Dear Praying Friends:No one ever said our life was boring. No, it’s full of challenges and blessings of all sorts.
We love to have guests come. Not just because the Chinese ones usually bring gorgeous presents, but because they always bring themselves. Like the lovely couple who came from Taiwan for a wedding a few weeks ago. We had met the bride while she was a student at U.Va., and her elderly uncle (88) and aunt (78), who don’t speak a lot of English, needed a place to stay for a few days. We were told that he was hard of hearing – true – and his wife said he didn’t talk much, which was true enough when she was talking, but not when you leaned close to him and asked questions. Then he turned positively loquacious. How often do I silence others by my loquacity? Anyway, Dori discovered he likes classical music, so she brought out the Bose earphones which had been given to us and let him use those. There he sat, happy as a clam, for hours on end, in his own private world. They were both Buddhists, so we weren’t supposed to hit them hard with the Gospel, but Dori slipped in some Chinese Christian music along with Mozart. To our surprise, both he and his wife asked whether the chapel in which the wedding took place was Protestant or Catholic, and then what are the differences between those two, and pretty soon we were able to share the whole Gospel with them. Then there were the leaders of house churches in China who came by. The stories they told made us thrill with joy over the ways God uses his people, and the courage of our brothers and sisters in China.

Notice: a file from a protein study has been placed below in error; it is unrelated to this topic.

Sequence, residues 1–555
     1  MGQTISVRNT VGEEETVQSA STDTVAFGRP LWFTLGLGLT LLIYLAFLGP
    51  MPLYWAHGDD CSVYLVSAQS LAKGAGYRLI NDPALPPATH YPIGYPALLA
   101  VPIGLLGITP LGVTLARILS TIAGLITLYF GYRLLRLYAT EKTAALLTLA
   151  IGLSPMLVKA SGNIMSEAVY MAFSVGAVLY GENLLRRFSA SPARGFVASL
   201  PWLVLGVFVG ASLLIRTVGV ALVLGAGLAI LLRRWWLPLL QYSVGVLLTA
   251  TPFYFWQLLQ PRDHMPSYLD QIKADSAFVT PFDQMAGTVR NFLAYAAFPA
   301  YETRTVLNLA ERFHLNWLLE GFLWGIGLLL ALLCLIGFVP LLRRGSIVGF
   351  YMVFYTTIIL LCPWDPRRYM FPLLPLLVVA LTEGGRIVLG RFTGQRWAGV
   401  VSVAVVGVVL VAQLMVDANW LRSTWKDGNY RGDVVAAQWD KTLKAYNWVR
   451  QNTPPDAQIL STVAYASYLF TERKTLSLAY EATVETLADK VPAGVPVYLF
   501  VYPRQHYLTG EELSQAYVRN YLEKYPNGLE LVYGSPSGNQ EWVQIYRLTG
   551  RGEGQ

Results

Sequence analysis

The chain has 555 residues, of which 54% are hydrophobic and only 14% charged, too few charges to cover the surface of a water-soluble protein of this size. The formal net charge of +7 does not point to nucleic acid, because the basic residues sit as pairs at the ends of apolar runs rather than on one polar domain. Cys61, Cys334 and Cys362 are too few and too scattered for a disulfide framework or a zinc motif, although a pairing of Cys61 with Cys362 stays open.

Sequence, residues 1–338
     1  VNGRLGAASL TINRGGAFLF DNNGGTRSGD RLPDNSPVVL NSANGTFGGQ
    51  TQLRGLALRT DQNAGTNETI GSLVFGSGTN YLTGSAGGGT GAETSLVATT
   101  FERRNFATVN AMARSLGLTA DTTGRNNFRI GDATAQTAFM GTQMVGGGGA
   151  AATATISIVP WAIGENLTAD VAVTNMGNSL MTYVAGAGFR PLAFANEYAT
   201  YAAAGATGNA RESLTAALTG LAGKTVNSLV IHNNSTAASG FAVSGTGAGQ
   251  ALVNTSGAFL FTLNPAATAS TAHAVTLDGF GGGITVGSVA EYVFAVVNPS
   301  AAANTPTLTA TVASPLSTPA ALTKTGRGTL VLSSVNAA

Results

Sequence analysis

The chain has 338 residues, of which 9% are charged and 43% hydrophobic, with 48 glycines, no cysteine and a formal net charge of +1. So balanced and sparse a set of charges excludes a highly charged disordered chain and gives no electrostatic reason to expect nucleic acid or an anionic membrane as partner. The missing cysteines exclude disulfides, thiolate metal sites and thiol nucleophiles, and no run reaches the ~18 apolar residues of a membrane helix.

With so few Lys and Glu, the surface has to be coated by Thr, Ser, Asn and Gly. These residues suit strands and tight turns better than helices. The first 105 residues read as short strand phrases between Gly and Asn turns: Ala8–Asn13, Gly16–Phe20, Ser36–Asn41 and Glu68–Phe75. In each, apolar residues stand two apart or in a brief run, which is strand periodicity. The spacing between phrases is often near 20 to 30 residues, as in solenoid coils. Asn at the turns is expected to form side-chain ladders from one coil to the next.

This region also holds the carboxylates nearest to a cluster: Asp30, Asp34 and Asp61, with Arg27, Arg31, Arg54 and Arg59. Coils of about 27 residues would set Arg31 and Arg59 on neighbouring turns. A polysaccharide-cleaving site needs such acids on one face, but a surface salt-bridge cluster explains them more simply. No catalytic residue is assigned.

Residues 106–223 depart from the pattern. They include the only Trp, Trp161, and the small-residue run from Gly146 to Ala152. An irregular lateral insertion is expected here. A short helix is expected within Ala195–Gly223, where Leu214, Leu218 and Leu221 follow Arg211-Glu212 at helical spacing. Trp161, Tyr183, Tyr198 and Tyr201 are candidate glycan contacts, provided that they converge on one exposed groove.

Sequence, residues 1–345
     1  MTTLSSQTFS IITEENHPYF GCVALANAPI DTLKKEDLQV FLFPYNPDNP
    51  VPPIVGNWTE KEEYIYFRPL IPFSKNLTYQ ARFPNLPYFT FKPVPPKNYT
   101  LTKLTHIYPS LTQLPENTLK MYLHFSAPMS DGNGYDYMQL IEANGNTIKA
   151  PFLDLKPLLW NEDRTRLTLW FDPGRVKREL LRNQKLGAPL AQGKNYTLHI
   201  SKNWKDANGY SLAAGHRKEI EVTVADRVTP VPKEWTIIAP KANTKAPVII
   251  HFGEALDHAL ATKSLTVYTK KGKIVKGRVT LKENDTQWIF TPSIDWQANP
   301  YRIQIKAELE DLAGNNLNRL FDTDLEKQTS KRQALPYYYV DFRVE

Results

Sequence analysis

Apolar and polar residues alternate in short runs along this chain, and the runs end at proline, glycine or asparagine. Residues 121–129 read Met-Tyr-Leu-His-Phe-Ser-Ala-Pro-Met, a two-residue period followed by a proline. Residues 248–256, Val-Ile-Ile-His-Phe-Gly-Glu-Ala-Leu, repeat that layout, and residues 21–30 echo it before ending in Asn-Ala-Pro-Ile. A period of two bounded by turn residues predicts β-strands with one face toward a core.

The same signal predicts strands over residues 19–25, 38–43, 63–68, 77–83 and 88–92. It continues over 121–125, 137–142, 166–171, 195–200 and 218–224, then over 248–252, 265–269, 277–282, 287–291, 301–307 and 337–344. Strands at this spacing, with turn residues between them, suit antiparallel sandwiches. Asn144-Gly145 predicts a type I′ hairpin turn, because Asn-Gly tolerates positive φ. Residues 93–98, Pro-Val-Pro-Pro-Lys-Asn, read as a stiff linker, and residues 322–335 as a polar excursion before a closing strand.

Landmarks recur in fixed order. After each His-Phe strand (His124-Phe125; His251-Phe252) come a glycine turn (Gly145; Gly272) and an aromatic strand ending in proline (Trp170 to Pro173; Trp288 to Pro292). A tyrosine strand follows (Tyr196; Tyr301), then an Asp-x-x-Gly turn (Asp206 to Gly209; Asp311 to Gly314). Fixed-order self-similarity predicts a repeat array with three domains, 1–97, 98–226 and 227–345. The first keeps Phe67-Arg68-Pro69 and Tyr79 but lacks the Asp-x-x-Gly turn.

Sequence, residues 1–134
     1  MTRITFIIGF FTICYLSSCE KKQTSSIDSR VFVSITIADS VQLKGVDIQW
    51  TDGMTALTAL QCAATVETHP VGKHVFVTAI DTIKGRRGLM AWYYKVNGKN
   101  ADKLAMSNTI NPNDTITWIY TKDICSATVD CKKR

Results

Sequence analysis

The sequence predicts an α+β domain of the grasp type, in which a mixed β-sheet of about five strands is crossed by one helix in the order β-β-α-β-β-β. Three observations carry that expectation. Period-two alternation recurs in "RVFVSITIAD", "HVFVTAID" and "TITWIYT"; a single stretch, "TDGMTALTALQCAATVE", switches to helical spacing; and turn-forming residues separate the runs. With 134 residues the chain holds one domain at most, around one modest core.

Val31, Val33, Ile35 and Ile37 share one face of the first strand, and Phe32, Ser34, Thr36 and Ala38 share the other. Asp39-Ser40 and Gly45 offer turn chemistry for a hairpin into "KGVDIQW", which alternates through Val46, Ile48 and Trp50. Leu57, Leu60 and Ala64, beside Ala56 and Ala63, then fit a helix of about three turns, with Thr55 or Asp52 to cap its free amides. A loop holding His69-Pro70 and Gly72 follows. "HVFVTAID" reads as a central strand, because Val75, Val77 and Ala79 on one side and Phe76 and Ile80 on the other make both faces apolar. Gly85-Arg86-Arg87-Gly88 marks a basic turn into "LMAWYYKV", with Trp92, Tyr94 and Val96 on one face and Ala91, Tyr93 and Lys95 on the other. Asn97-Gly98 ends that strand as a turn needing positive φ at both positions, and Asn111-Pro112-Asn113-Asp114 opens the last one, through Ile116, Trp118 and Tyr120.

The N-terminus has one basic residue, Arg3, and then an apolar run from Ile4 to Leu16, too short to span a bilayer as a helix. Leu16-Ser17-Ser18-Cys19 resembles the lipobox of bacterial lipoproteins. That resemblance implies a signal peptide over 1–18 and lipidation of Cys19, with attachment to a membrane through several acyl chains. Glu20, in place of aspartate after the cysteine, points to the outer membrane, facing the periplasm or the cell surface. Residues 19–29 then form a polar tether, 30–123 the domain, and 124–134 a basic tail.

Ego the Food Critic?
You wouldn’t think writing book reviews could be hazardous, would you? Well, think again. Two of mine in the past few months have evoked very – um, shall we say – vigorous responses. As in, really upset, and convinced that I had been inaccurate and even unfair. In response to their comments, and stung by any possible resemblance to the villain in Ratatouille, I revised both reviews, one of them twice, but the result was still critical. The problem is that the authors, editors, and publishers whose books I review don’t like to have their works criticized. The other problem is that some readers appreciate frank evaluations. Visit our Web site www.chinainst.org and see if you can guess which ones get flack.
One of the most long-lasting debates in the history of Protestant Christianity in China concerns the proper translation for the word “God.” One side says we should use the name of an ancient Chinese deity. The other side says we should use the generic word for “god,” despite its wide range of meanings, including all sorts of spirits. For part of my position, go to the most recent issue of “Reaching Chinese Worldwide” on our Web site to see the first of two articles.
Relying on God
The Lord gave special ability in Chinese when I had to render the elegant Queen’s English of a clergyman from Oxford into decent Mandarin at a wedding last month, and when I preached in two Chinese churches. The same help from above will be needed as I teach a course on John’s Gospel in Taipei August 13-24. I leave for Taiwan August 7 and return on the 29th. In Taiwan, my assistant and I need to go over the translations she has made of stories for the Biographical Dictionary of Chinese Christianity (www.bdcconline.net) While I’m gone, Dori will be helping Chinese Christian Fellowship leaders prepare for the new academic year. On the 30th, I am to fly to London to participate in an academic conference on Christianity in China. I’ll make a brief presentation on Christians and the government – a very sensitive topic - on September 1st, and fly home the 2nd.
Sometimes we are overwhelmed by the privilege of knowing God and serving His purposes among the Chinese. Paul’s words in Ephesians 3:8 seem increasingly appropriate to our lives. Your part in our work –prayer – is essential (see Ephesians 6:18-19). Without prayer support, we could never overcome the considerable obstacles we encounter and our own inherent inability (John 15:5). Thank you so much. Your brother in His grace, Wright